Strauss: One Of The Most Recognizable Composers Then And Now
When someone mentions the name Strauss most people would recognize it. But probably not through knowledge of Richard Strauss. The popular jean brand Levi Strauss probably comes to mind. Or maybe they think of Johann Strauss II, also known as “The Waltz King.” They may recognize Richard Strauss’ name for his other types of work like lieder or concerto. It is likely that only those that attend the opera or have taken music classes in school would think of Richard Strauss as a German opera composer. The nature of Strauss’ music; that of being transitional between the romantic and modern era, likely lends to the unfamiliarity. Many transition composers, whether it be the transition from baroque to classical, classical to romantic or romantic to modern, do not get the kind of recognition middle composers do in the modern era. By contrast, however, many of these artists are very popular in their day. Anyone that breaks from the norm, like transition composers, attracts the popularity of the masses. Richard Strauss and his journey into dissonant tones in opera was revolutionary at the time. But this type of popularity isn’t instant. In fact, one of Strauss’ first operas, Guntram (translated “war raven”) was not popular at all. It was only performed a few times during his lifetime. Feuersnot, his second attempt in opera, was also not very popular and by many considered obscene. It is not uncommon for viewers to have this opinion of new works. Even the romantic era art people were used to in Strauss’ time was considered obscene by earlier staunch classicists. Obscenity, like the content of Feuersnot, is simply the easiest route to take advantage of when someone it trying to rock the boat or change the art scene. But Strauss’ willingness to venture into the novel paid off for him as his works started to incite interest in not only the general public but in experts of the field.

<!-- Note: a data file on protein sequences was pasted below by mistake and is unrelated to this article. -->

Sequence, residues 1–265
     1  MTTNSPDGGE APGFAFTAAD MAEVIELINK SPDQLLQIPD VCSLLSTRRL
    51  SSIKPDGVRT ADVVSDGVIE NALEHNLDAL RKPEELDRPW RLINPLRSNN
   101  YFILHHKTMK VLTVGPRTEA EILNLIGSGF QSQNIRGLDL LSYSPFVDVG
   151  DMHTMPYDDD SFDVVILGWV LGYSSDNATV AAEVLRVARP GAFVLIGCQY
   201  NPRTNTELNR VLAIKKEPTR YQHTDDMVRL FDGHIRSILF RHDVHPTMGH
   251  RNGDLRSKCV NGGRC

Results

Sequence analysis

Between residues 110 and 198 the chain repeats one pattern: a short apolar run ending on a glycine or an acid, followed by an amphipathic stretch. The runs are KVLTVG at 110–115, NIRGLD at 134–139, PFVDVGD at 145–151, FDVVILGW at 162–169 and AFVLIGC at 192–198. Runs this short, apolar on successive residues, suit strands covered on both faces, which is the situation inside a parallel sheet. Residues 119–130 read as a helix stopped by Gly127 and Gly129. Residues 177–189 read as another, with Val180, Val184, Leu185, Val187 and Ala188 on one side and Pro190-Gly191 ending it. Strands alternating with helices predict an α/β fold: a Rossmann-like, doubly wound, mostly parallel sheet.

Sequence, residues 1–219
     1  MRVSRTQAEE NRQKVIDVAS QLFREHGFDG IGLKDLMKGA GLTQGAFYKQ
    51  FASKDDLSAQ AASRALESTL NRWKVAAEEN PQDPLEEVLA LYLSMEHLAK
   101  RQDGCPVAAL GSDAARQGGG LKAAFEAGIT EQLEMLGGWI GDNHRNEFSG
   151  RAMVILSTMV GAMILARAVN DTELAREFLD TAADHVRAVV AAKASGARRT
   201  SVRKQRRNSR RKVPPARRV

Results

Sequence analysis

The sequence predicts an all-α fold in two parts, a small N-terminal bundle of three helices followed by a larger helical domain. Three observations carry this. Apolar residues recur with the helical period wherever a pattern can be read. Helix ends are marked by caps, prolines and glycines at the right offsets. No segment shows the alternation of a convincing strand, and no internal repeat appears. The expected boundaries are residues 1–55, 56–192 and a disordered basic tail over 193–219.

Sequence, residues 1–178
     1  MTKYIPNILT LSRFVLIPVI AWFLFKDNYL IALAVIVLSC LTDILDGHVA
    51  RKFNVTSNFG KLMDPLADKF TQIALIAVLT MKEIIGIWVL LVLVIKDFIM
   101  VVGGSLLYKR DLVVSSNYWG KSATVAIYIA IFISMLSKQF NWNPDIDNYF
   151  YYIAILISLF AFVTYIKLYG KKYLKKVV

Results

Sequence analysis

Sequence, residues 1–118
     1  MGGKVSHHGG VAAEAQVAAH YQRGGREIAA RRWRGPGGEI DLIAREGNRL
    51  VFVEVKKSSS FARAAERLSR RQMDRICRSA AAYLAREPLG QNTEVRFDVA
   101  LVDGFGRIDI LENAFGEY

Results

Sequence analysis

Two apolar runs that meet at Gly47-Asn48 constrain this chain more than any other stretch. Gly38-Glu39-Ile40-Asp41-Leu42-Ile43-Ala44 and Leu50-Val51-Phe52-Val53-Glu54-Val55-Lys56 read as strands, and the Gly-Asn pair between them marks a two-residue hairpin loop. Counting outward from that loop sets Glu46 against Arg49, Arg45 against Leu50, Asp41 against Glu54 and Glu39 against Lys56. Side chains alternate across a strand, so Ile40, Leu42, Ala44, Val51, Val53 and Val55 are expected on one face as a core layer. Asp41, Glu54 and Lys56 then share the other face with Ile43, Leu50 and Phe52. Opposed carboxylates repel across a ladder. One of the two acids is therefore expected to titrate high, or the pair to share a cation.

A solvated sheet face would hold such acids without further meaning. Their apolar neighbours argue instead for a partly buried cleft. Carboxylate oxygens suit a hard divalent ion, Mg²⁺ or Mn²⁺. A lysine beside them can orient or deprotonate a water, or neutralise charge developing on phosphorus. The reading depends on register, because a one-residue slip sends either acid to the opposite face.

The opera Salome which was based on a play written by Oscar Wilde was widely popular. It was this opera that kept Strauss safe during the rise and fall of the Third Reich. It was performed many times and was probably what gave him the credibility in opera that he needed in order to be taken more seriously by other composers. Although later in his career he used less and less of the dissonance that made him famous he still enjoyed a considerable amount of success. In the current age, not only is the work of Straus and the other modern era opera composers falling out of favor amongst the people, but opera is also. Although many venues endure with sold out nights, the number of these opera houses is slowly declining with each passing year. This being said, Strauss’ operas are still performed, being in the top ten operas performed for several years. The waning popularity of opera might soon spell the demise of not only Strauss’ work but that of other opera composers. But it is very common that there is a reawakening for certain types of music. In the future there is a good chance that Strauss’ work will be rediscovered and with a renewed passion. Handel experienced this type of reawakening and so have many other composers from distant times. It is unfortunate that many composers, including Strauss, are appreciated only for a short time while they are alive. But the good news is that even transitional composers, like Richard Strauss; composers whose dies were cast in two different eras of music often do end up receiving the recognition that is proper for the amount of time, talent and sacrifice that was put in to their works. Even if that recognition must come decades, or centuries, after they have died.